Monday, January 23, 2017

Are Soda taxes a Tax Regressive Health Failure?

From the Jayson Lusk, a food and agricultural economist, is a new post of his in which he points to new research by Emily Wang et al and in which he points out as he has again and again:

"First, even if we believe people suffer from various behavioral biases, higher prices almost certainly make people worse off.  Second, when we raise the price of one unhealthy thing, people might substitute to consume other unhealthy things.  Third, if the tax is just added at the checkout counter and not on the shelf display, it may not have nearly the effect on purchase behavior as assumed.  Forth, if people know the reason for the tax, some may "protest" and buy more instead.  Fifth, the projected weight loss from such taxes often relies on unreasonable rules of thumb like 3500kcal=1lb. Six, even when taxes have an effect, the causal impact may arise more from an "information effect" rather than a "price effect."  Seventh, such taxes may induce unanticipated effects because of how sellers respond to the policy.  Finally, soda taxes are regressive - having a proportionally larger effect on on lower income households (see also my co-authored paper on effects of "unhealthy" food taxes more generally)."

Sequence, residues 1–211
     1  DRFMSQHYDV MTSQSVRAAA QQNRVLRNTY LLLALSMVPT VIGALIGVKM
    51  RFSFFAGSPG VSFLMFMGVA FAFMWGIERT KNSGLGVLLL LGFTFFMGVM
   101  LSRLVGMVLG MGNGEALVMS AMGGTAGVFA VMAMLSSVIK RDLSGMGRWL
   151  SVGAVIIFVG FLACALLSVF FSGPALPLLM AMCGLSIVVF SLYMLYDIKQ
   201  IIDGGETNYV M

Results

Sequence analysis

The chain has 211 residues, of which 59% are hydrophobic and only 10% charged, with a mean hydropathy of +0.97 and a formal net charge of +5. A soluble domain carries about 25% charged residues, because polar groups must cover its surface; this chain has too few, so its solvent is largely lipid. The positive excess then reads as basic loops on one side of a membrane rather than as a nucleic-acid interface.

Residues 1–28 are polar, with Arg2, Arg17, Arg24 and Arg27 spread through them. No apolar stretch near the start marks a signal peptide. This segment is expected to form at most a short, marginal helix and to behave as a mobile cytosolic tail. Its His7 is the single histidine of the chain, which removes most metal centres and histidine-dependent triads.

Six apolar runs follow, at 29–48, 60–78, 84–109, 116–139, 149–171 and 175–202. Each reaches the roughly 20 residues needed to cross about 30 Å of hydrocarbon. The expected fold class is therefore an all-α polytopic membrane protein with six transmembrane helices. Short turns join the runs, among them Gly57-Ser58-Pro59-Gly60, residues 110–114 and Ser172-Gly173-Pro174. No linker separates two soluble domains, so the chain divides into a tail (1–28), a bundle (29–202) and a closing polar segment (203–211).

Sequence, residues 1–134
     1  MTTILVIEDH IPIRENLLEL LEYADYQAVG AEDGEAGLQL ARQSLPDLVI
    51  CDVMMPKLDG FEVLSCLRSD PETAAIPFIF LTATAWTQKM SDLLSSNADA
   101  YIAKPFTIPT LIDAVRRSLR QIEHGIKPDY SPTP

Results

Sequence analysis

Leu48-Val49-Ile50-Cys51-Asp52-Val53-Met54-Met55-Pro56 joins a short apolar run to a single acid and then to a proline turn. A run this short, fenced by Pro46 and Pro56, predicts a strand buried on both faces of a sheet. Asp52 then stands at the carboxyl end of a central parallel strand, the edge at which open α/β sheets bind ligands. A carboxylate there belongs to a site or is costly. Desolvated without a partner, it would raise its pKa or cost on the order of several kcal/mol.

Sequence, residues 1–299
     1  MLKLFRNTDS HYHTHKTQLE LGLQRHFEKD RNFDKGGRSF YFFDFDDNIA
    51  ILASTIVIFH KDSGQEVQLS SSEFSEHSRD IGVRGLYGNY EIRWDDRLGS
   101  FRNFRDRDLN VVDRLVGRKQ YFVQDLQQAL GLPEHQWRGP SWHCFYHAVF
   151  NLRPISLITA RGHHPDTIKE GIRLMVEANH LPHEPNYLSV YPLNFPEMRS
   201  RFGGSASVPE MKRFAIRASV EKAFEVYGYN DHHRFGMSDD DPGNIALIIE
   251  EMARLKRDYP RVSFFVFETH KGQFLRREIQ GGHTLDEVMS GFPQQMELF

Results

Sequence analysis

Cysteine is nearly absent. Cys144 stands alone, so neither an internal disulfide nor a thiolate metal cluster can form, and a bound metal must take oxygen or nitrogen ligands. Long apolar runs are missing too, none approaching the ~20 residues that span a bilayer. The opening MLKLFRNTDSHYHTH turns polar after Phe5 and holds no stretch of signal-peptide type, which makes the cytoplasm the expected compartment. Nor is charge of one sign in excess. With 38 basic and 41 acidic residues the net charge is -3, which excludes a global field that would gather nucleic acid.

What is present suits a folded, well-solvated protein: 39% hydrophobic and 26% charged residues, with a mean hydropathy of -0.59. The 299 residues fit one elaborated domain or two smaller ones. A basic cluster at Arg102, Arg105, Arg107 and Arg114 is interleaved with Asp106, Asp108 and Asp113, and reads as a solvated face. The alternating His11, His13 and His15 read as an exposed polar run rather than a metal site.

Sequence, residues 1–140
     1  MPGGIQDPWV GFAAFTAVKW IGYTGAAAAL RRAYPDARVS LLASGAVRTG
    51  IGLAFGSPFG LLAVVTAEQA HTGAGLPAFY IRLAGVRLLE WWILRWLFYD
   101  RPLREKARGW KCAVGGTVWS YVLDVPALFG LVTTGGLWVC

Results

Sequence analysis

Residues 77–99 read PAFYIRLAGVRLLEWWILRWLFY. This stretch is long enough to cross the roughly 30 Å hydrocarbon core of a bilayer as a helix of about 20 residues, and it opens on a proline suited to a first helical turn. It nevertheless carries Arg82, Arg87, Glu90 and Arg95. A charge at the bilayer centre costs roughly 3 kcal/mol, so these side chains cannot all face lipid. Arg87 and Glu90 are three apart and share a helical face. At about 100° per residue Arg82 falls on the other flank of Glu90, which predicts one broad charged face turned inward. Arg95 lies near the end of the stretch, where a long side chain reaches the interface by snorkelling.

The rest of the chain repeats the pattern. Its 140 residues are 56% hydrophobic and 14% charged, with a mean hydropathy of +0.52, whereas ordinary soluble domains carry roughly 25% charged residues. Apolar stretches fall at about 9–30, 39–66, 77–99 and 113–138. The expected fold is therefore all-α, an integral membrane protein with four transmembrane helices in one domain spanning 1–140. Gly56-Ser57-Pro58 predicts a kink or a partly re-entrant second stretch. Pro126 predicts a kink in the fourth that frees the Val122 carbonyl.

Cook County passed a soda tax in 2016 and the idea is being floated in the Illinois General Assembly.  I do not drink soda pop, because it contains high fructose corn syrup and I prefer brown sugar, although I have never been a fan of too much sugar in food and often cut sugar amounts in recipes.  Taxing "sugar", more likely high fructose corn syrup, will in crease tax revenue but it is unlikely to make people more healthy and the argument the tax will decrease obesity should be discarded as a political excuse to impose a regressive tax on lower income citizens.

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